A Minefield of Patents

19 Pages Posted: 16 Jul 2015

See all articles by Rajendra Kumar Bera

Rajendra Kumar Bera

Acadinnet Education Services India Pvt. Ltd.

Date Written: July 14, 2015

Abstract

A patent grant should not impede further innovation, especially follow-on innovation. The goal of the patent system should be to prevent malicious imitation (infringement) of a granted patent, encourage legally controlled imitation, and handle with sensitivity perchance imitation made in ignorance of an existing patent. Indeed, perchance imitation should be used as an occasion to review the validity of the allegedly ‘infringed patent’ from the point of view of non-obviousness, especially if the patent has not been put into commercial practice. Luring people to infringe should be treated as a criminal act, more so if the patent turns out to be invalid. It should be the responsibility of a patentee to give wide publicity (say, via email to relevant industry associations, R&D organisations, prominent inventors, etc.), in a timely manner, to his patent in the community of people from where infringement is likely to occur. Further, courts should hold infringement hearings only after the extent of validity of the allegedly infringed patent is established by a statutorily established Patent Validation Board (PVB), comprising science, technology, engineering and mathematics (STEM) experts so that the public may know the precise legal limits of patent protection (including those available under the doctrine of equivalents) without recourse to judicial ruling. The decision of the Board related to patent validity should not be contestable in a court of law. A genuine perchance imitator should be given a free license to practice the patented invention to the extent the patented and imitation inventions are similar under the doctrine of equivalents (as certified by the PVB) subject to the condition that the perchance imitator would freely share improvements he makes on the perchance invention and puts in commerce, as trade secrets with the patentee for his commercial use during the term of the patent. The genuineness of the perchance imitation, if contested, should be decided by the courts.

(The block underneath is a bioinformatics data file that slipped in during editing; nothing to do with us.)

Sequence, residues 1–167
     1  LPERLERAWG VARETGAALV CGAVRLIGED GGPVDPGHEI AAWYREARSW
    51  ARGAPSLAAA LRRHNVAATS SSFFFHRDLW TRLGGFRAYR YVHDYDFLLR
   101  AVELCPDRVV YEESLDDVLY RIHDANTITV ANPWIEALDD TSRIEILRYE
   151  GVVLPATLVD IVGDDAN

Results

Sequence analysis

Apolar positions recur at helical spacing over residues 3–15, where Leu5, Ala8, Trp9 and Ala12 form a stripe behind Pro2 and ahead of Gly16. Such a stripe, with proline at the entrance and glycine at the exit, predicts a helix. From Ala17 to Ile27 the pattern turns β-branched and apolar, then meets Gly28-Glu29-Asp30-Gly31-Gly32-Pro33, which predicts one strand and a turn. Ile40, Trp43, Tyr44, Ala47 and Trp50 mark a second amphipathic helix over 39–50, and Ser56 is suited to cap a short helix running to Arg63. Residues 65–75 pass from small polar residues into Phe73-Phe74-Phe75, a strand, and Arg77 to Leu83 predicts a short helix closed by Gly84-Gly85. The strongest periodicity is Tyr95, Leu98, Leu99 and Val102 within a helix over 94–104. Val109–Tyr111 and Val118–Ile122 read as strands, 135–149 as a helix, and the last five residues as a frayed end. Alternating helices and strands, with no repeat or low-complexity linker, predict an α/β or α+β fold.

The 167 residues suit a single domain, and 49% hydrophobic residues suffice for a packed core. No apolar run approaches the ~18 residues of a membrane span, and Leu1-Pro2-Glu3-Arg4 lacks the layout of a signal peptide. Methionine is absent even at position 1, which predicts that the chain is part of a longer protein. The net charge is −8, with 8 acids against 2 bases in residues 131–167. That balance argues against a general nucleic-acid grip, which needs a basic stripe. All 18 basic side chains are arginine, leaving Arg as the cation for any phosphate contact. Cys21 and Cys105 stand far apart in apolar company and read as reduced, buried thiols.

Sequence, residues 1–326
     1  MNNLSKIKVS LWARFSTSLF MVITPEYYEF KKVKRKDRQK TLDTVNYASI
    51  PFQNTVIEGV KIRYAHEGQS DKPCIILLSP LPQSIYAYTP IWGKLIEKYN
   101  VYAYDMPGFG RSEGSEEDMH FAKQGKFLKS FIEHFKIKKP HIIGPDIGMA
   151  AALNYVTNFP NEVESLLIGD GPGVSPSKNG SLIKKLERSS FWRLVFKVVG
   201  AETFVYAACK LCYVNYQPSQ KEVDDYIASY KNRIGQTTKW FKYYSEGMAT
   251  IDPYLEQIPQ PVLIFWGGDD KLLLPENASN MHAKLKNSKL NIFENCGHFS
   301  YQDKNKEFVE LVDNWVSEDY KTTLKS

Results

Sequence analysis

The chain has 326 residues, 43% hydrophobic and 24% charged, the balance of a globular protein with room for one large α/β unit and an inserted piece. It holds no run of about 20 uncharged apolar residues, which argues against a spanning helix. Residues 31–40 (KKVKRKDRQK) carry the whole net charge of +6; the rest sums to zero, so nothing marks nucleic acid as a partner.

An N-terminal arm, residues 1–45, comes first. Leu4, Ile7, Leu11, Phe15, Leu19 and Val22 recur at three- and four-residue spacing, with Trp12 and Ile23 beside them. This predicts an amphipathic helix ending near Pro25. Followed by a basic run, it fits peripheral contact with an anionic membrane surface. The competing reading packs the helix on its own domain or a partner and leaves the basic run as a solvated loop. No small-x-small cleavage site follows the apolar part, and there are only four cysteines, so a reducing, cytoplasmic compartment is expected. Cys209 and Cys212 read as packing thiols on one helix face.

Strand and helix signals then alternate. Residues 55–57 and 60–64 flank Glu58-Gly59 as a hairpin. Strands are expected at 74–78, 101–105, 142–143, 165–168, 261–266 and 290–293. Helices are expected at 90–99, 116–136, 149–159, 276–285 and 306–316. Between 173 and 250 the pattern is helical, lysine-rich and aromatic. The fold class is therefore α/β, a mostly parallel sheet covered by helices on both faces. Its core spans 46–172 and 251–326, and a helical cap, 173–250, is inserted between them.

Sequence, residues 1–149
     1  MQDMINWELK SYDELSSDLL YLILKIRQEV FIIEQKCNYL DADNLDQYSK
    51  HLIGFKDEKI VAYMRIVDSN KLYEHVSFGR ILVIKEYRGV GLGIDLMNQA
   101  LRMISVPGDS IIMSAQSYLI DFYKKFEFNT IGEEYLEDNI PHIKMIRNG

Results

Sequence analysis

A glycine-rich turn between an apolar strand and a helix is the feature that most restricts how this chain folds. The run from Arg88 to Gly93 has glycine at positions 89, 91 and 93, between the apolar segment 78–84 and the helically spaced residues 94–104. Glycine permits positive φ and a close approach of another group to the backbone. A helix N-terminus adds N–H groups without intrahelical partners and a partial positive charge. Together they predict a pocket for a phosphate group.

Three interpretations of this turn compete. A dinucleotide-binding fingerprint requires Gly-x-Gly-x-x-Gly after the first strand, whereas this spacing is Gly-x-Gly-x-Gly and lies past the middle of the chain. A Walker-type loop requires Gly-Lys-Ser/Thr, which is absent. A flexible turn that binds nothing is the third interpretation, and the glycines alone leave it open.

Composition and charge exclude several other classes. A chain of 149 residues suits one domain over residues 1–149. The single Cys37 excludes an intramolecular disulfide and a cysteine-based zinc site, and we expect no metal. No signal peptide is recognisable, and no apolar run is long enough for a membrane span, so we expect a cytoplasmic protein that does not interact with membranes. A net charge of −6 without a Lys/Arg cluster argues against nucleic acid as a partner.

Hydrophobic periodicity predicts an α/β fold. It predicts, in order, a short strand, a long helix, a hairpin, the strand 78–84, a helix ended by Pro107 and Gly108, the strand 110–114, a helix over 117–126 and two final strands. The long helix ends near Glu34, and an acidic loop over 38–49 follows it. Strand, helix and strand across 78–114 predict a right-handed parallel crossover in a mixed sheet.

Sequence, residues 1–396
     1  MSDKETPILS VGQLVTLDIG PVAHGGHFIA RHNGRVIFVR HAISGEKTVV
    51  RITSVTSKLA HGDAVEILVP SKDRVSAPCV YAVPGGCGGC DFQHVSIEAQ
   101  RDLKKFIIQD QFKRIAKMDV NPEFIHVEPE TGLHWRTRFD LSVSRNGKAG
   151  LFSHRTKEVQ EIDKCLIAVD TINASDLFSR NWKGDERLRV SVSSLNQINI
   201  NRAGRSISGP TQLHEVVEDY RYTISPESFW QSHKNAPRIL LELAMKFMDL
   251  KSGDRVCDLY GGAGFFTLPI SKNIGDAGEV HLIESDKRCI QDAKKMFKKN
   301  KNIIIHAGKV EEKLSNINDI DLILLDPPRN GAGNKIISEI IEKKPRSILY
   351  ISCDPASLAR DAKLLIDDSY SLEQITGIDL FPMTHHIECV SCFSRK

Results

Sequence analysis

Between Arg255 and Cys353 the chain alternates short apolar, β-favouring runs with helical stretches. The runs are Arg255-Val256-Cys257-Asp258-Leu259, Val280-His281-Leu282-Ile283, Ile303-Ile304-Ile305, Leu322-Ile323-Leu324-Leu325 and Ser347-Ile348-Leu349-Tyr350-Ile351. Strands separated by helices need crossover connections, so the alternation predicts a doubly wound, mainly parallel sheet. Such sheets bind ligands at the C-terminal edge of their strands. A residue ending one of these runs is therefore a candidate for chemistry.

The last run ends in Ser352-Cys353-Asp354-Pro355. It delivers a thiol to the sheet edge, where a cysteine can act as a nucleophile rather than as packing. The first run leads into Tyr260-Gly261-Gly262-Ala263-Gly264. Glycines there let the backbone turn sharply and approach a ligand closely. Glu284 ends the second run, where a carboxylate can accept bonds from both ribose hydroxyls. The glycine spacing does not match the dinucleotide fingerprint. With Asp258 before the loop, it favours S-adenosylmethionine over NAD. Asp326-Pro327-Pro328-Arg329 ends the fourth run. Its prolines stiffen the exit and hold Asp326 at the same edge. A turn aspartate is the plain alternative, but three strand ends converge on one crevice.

Keywords: patent, patent claims, doctrine of equivalents, patent infringement, patent validation, fair use

Suggested Citation

Bera, Rajendra Kumar, A Minefield of Patents (July 14, 2015). Available at SSRN: https://ssrn.com/abstract=2630681 or http://dx.doi.org/10.2139/ssrn.2630681

Rajendra Kumar Bera (Contact Author)

Acadinnet Education Services India Pvt. Ltd. ( email )

Bangalore
India

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